Landowner Alegretti and Co. applied with the county for a permit to reactivate a well to withdraw water from the aquifer beneath its farm property. The purpose was to add 200 acres for farming.

The county approved the permit but limited Alegretti to extracting no more than 12,000 acre feet per year of water from the aquifer underlying its property.

Purchase Bob Bruss reports online.

Believing this restriction was an unfair governmental inverse taking of private-property use, Alegretti sued the county for exceeding its authority under local water-use ordinances. Alegretti argued the county had authority to approve well permits, but not to regulate the maximum annual water use.

If you were the judge would you rule Alegretti can be restricted as to the amount of annual well-water use for farming?

The judge said yes!

The county has the right to issue well-water permits and to restrict the maximum annual water use for the benefit of all landowners who share the use of the underground aquifer water, the judge began.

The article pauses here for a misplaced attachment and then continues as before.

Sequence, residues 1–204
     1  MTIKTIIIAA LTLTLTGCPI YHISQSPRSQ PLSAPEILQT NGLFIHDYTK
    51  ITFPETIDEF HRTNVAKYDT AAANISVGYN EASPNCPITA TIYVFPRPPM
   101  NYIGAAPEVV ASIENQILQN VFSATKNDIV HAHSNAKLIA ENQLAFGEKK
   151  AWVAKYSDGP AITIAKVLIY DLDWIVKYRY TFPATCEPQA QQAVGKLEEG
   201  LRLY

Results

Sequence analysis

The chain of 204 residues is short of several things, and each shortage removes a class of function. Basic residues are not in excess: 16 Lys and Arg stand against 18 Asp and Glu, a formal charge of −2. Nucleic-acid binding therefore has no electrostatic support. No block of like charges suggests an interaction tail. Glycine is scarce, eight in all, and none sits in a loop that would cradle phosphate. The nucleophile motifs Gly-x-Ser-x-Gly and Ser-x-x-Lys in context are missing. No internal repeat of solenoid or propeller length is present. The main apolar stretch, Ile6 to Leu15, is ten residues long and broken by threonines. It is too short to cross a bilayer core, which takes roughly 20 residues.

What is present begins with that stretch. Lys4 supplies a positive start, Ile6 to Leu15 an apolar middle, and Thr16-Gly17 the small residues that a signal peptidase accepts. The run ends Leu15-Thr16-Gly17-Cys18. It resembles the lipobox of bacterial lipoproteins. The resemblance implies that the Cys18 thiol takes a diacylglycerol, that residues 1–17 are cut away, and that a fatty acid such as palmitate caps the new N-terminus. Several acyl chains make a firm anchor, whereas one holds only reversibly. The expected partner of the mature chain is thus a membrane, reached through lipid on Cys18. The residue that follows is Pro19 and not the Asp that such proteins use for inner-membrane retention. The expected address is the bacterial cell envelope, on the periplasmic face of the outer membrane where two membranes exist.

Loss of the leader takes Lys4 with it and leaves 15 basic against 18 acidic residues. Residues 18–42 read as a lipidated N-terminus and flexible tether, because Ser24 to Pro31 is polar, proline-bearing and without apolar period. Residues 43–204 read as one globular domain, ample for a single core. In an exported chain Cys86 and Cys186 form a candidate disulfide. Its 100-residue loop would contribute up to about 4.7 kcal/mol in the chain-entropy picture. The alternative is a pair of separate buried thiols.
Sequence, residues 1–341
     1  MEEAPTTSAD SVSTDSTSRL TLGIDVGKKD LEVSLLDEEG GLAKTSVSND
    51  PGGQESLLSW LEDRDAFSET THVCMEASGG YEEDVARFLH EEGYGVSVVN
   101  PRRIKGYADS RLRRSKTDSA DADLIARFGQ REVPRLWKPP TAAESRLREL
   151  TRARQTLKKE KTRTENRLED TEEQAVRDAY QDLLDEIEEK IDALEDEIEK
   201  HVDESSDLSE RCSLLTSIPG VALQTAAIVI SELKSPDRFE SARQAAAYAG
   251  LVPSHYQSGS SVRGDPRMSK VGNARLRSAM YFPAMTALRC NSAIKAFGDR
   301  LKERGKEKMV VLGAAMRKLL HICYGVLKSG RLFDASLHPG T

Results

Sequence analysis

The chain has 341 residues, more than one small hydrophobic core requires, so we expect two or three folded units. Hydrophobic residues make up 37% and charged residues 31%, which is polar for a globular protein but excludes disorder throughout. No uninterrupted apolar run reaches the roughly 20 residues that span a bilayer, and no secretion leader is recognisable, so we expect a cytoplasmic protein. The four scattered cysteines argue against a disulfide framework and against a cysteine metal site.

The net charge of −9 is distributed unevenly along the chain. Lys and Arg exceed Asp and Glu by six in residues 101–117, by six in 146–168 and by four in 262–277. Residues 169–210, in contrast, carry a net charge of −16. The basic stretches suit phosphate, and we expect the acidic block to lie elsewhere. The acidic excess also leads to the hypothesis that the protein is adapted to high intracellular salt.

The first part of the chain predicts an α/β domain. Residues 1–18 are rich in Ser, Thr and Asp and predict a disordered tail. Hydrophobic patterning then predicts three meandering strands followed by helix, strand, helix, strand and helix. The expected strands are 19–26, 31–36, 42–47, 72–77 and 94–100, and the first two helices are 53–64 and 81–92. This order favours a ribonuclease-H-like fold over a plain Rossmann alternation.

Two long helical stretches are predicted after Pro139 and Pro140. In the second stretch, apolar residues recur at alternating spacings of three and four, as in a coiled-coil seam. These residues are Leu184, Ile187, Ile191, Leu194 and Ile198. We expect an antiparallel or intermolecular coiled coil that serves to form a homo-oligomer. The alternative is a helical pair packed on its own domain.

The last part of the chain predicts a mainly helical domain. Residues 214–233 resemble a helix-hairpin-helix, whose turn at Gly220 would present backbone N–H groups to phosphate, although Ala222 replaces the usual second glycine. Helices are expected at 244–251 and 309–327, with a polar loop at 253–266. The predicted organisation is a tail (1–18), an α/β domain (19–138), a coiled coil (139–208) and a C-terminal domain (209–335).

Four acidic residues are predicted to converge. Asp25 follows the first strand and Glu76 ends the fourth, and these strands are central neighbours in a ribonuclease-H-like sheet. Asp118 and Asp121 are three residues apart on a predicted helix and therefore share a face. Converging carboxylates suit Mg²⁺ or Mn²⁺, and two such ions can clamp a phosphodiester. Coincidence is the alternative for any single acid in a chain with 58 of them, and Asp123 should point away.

Such restrictions do not constitute a physical or regulatory taking of Allegretti’s property because he can still use the existing wells on other portions of his land, the judge ruled. Therefore, the county’s restriction on annual water use is not unreasonable, the judge concluded.

Based on the 2006 California Court of Appeal decision in Allegretti & Co. v. County of Imperial, 42 Cal.Rptr.3d 122.

(For more information on Bob Bruss publications, visit his
Real Estate Center
).

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